21 thoughts on “Process Knowledge Call to Action

  1. Sandy,

    Don’t you think that a BoK in the BPM field will inhibit innovation like it did in the project management field? Remember that some time ago agile practitioners were not considered real project management professionals because they did not follow PMI BoK guidelines. Now, a ScrumMaster is a much more requested professional than a PMP.

    Regards,
    Luis Bender

  2. Luis, I encourage you to take a look at what we’re proposing, and how it is different from something like PMP. We are not proposing a certification organization, but rather an open body of knowledge that other organizations may choose to use as a basis for a certification program, as well as a freely available source of information on BPM.

  3. Sandy, yes, I understand that the model you’re proposing for the BoK development is much more open and collaborative than what the PMI (or IIBA or ABPMP) does. So I propose you to change the designation from “BoK” to something else to express this difference. For me (and I guess for others, too), the word BoK implies some kind of closed developed content, that’s what BoK “owners” have promoted so far.

    Collectively constructing knowledge is a big challenge, but it can worth the effort. Take for instance the Wikipedia. It would be really awesome if something like the Wikipedia could be developed to the field of business process management. Good luck.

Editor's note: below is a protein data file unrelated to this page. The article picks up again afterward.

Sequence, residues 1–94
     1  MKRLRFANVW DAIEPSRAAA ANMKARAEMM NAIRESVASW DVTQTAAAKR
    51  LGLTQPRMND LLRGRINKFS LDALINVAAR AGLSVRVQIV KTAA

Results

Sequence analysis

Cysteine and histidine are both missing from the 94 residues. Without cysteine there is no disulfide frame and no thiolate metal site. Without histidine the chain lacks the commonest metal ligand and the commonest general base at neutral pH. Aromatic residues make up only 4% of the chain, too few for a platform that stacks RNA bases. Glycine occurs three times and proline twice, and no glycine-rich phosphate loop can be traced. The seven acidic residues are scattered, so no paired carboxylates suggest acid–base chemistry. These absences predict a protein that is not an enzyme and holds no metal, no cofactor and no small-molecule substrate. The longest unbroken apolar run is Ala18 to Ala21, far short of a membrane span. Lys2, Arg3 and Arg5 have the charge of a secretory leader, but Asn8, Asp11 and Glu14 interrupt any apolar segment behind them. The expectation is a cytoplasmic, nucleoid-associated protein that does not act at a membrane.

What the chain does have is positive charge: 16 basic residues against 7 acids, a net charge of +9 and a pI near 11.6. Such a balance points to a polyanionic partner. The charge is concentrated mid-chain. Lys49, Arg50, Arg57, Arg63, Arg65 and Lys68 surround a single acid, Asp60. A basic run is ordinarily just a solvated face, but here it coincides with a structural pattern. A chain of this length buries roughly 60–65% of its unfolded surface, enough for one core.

4. Wikipedia is exactly the model that I’d like to see, too. Do you have a suggestion for a name besides BoK? That came from Wasana’s paper and although it’s accurate, I understand that there might be negative connotations.

  5. @ Luis and Sandy – That’s a great point on the “BoK” term. I’d be very interested in other names. I wholeheartedly agree on the “Wikipedia” model, however I’d rather steer away from “Process-o-pedia” and that ilk. Great to see all the interest here. -Brenda (Process Knowledge Initiative squirrel-herder)

  6. Just brainstorming the name… some may sound strange, but just brainstorming…

    Process Knowledge Center
    Process Knowledge Source
    Process Knowledge Network
    Process Knowledge Portal
    Process Knowledge Board
    Process Knowledge Cloud
    Process Knowledge Garden
    Process Knowledge Lab

  7. I definitely support the development of an open collaborative community wide body of knowledge (or something else, e.g. process knowledge centre) for business process management.

    This will be a dynamic collaborative process – main challenge is process governance to ensure “information quality” which invariably implies reviews by a select group (for inclusion or exclusion). You would need to have some level of “quality assurance” if the view is to have organisations used this as part of their certification program.

    I am still in favour of the open community collaborative approach, with multiple threads for “divergent” views. This may or may not be aligned with the intent of the “call for action”. Am I missing something here?

  8. Tony, the idea is to have a shared body of knowledge, although organizations will be free to take that information and use it in various ways, likely governed by a fairly open Creative Commons licence. That gives you the freedom to use it to develop your own certification course, for example, or layer on other information that might be specific to your industry. As for divergent views, we hope to be able to represent those as much as possible.